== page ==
Team Building: Your team can build you up if you build them up. Get them to understand that training is a lifelong pursuit. If one of them learns something in any given day, ask them to share it with the others. Encourage sharing of lessons learned and how they were learned them. In essence, you are their coach, showing them how to do the work, push them when needed and cheer them when they do a superb job.
Money (finance): This one is important if only to ensure a smooth flow of finances to keep the doors open.
Metrics (measurement for the business and systems): This is about where you steer your Good Ship Dental and why you’re doing it. If you decide to focus on getting new children patients, then that is where you’ll point your metrics and determine your success.
Is it really that easy? Well yes and no. Within each of the four areas noted above there are multiple areas for discussion and exploration.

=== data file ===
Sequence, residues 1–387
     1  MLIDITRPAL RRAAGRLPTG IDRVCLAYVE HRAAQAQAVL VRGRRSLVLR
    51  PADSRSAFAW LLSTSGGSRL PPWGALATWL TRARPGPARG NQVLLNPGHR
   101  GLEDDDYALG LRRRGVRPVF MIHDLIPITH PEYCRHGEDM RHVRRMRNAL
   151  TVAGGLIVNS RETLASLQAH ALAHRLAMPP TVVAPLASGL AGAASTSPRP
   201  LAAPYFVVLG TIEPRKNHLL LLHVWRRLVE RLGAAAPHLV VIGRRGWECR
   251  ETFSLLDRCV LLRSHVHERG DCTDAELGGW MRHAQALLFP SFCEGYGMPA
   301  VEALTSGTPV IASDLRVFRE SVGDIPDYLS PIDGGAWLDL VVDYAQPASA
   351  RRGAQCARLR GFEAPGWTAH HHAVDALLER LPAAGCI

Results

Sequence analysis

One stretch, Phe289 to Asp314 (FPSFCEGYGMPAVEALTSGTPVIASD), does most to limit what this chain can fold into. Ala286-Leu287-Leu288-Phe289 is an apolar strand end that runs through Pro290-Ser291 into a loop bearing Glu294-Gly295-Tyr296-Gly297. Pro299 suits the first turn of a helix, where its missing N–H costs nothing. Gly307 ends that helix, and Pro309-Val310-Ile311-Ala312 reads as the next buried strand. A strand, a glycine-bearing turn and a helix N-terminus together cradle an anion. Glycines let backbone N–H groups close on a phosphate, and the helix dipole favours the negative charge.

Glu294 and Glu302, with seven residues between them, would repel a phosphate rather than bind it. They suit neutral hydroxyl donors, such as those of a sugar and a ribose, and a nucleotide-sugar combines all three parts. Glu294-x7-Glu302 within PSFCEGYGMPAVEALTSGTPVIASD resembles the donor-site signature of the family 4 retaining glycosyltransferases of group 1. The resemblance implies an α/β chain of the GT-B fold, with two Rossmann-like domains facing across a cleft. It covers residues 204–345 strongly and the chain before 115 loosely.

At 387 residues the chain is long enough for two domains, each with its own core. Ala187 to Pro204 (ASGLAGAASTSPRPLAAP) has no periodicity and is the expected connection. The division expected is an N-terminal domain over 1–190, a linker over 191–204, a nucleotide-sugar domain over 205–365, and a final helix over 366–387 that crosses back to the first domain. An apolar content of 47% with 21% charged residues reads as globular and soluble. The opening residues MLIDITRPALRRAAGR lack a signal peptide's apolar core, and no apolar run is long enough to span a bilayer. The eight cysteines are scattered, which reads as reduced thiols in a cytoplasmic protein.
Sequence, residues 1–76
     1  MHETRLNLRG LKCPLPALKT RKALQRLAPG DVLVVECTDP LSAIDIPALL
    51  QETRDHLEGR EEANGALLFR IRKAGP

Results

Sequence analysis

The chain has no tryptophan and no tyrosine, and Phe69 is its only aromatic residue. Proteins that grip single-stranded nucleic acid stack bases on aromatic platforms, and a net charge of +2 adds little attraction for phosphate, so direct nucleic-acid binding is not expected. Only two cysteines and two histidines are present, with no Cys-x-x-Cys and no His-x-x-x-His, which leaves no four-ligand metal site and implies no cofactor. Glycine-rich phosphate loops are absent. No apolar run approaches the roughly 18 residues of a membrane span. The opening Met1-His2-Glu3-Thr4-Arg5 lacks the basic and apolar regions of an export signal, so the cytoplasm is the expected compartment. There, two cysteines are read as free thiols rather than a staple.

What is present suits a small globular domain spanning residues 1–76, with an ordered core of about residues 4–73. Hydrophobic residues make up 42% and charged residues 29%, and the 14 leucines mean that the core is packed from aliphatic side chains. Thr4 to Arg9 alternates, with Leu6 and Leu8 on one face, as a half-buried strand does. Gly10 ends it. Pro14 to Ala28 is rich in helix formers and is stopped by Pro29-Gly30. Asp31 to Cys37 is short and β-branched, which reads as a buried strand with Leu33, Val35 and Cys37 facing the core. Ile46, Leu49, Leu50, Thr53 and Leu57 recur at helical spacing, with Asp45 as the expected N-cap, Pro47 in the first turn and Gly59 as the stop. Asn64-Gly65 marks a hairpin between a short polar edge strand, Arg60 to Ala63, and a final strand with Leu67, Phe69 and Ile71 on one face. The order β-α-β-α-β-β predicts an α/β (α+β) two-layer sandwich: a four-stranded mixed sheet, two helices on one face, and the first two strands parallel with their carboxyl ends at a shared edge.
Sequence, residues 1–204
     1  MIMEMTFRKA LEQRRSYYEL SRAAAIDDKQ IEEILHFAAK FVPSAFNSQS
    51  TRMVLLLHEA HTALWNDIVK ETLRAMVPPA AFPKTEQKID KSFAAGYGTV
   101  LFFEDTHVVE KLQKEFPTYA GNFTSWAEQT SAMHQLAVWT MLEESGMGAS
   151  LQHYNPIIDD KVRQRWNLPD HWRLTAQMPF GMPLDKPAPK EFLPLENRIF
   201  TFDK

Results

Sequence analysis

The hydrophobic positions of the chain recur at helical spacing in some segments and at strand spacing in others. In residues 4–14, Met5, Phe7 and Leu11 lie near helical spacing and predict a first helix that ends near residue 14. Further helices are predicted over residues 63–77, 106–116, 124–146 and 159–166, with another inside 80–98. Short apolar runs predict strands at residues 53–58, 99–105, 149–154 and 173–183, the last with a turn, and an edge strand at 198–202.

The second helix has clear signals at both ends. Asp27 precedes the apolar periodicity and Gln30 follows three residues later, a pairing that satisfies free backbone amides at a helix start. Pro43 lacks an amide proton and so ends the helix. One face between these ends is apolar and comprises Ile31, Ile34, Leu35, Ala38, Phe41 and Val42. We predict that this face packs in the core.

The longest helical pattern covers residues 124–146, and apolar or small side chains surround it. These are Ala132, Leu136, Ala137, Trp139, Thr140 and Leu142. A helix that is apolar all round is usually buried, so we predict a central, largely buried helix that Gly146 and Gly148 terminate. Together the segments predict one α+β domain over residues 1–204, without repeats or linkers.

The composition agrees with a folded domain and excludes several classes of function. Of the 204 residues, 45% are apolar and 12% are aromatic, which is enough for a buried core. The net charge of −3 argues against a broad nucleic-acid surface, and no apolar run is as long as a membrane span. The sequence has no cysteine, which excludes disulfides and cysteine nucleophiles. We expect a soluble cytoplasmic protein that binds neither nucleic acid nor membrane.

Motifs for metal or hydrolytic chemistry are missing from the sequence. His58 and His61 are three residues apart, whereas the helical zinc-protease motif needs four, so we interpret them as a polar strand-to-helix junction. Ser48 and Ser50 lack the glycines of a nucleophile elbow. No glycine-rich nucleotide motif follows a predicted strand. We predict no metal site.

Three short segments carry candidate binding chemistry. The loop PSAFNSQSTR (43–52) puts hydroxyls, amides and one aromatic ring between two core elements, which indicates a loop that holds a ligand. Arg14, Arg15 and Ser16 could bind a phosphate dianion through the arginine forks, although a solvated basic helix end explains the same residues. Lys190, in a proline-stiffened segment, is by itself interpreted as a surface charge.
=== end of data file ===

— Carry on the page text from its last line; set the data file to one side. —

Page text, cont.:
But those four factors are the foundation of setting up a good Dental / Business practice.
If you want more direction on setting up a new dental practice, please give me a call.
New dentists don’t often think of themselves as business people. But that’s exactly what they are. Whether you are starting your own practice, buying into a practice or joining an established team as an employee, your decisions are all primarily business decisions.
And the choices you make at the beginning of your career are some of the most important you’ll ever have to make.
When you leave dental school you are ready for patient care. But what about career care? What business prep have you received? I can tell you that when I left school it was very little and that hasn’t changed much.